If you’re going to grab yourself a ‘spare tire’ around the middle, or even if you’re pumping weights at the gym, to store fat or build muscle, new cells are needed; insulin acts as a growth hormone for this process. Cholesterol plays a vital role in building and storing, providing the structural framework for all this to happen.



Insulin also regulates your liver’s synthesis of cholesterol, it activates the enzymes that run the cholesterol making process. Fat is the raw material used to make cholesterol, but insulin runs the machinery. High levels of insulin spurs our cells to produce cholesterol.


Excess insulin almost guarantees excess cholesterol. Reduce insulin and cells can’t convert fat to cholesterol, no matter how much fat is available.

Cholesterol mainly increases when fat is eaten with carbohydrate/sugar excess at the same time. They are a dangerous combination when they partner up in our everyday manufactured foods.




If you want to keep your arteries and heart in good check, you’ll want to keep insulin on the low side. Excess insulin encourages cells to multiply, causing growth of the smooth muscle cells in the linings of your arteries.


For a happy ‘cardiovascular’ environment, you don’t want excess clutter in your arteries, causing less space, less flexibility, less room for movement and raising your blood pressure. But that’s what in fact you’re unconsciously doing, when you consume a high carbohydrate or high sugar diet.


Much larger muscle cells thicken your artery walls, creating less space, they become less elastic, reducing the volume. Less elastic and smaller coronary arteries, make you prone to develop plaque and arterial spasm. The heart has to elevate blood pressure, to force blood through narrow thick arteries, to the rest of the body.


But insulin also has another trick up its sleeve, it’s telling your kidneys to hold on to your salt and water, increasing the volume of your blood and therefore your blood pressure.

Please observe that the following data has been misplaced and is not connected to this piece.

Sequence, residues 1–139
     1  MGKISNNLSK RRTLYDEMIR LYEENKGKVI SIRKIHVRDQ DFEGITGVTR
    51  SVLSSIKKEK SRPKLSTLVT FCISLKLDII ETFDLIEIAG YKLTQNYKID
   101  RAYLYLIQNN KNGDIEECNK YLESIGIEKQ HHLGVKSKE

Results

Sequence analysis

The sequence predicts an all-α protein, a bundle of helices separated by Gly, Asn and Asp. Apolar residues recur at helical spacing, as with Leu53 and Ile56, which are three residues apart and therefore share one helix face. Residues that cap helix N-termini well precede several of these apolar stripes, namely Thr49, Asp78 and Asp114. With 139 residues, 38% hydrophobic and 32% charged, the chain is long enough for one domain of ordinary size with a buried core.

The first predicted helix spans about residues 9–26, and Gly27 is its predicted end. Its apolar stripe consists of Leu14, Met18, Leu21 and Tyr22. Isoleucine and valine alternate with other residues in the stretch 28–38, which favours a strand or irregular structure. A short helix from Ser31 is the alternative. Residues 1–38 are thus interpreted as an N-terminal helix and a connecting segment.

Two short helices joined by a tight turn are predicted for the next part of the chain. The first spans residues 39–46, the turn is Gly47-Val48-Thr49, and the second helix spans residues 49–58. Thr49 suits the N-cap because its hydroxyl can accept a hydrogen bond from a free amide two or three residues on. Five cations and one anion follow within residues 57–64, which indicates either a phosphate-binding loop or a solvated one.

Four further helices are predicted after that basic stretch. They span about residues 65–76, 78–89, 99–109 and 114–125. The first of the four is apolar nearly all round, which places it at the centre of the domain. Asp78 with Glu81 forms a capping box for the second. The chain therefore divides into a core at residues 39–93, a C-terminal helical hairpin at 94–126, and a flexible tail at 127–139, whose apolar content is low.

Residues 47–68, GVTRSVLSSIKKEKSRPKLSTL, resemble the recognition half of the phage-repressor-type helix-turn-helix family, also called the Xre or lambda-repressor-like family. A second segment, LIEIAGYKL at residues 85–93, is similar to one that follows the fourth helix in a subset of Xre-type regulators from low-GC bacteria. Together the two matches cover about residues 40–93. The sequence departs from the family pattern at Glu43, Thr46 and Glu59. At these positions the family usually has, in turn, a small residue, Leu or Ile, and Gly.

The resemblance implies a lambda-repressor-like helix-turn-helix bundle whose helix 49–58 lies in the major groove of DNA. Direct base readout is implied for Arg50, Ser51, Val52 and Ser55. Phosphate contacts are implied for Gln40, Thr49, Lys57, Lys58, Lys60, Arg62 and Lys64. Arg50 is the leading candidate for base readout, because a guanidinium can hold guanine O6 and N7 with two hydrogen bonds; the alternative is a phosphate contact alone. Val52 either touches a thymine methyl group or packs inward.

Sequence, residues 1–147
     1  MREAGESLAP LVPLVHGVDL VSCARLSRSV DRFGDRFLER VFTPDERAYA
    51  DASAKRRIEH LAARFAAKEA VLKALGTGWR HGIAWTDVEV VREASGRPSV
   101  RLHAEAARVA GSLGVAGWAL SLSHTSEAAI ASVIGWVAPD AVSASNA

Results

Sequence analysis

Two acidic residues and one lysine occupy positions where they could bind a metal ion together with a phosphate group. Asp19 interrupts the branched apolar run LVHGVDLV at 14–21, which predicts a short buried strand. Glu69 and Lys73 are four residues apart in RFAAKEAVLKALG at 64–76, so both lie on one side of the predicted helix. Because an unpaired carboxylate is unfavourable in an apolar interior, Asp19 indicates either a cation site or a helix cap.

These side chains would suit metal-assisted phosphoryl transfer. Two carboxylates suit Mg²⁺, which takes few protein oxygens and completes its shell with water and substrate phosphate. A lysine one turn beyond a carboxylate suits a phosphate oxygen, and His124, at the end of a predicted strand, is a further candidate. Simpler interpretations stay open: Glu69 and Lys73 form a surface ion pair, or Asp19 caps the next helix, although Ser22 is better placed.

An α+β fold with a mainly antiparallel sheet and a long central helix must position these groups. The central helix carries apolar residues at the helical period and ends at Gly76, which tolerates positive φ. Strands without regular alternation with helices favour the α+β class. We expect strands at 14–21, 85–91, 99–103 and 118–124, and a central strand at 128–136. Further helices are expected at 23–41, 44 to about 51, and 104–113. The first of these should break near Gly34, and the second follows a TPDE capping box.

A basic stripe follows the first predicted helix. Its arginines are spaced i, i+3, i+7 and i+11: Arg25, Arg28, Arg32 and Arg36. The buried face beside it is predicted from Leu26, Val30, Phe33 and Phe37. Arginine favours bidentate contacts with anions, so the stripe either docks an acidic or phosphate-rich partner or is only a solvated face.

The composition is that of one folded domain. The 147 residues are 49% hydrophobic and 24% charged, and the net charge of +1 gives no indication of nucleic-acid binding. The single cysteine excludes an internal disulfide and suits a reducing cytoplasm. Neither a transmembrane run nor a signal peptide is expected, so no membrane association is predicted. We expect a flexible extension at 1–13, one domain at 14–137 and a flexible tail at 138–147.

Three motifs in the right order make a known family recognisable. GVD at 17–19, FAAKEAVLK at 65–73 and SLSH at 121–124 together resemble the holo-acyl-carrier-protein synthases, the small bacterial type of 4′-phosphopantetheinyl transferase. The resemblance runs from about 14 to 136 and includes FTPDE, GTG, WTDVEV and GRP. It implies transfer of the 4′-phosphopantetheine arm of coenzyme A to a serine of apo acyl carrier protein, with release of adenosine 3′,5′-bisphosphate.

Running on a high carbohydrate and sugar diet for a prolonged period of time will eventually cause insulin resistance in a large section of the population, especially true for those that have a genetic predisposition towards problems with sugar management. This is a condition in which your body produces insulin, but it does not use it properly. This is what eventually leads to type 2 diabetes in most people.



If you want to help safeguard yourself against cardiovascular disease and type 2 diabetes, this means swapping some of your high carbohydrate foods for the metabolic superiority of fats as energy. This also comes with a mental enhancement (say no to ‘brain fog’) and better health and longevity with good blood sugar control.

For individuals without a metabolic condition, this means focusing on a range of vegetables and healthy fats such as avocado, nuts, nut butters, seeds and oils such as coconut and olive oil, alongside natural saturated fats such as butter, meat and dairy products. Reduce your reliance on high carb foods such as bread, pasta, rice, cereals, flour products and potatoes, so that you are not having high carbohydrate foods at every single meal and give insulin a break. It can be as simple as choosing low carbohydrate for one meal a day.


By Beth Etherington (BSc N. Med, mFNTP, CNHC)

Nutritional Therapist, Health Coach & Blood Sugar Management Specialist

Creator of The Sugar Hunter Program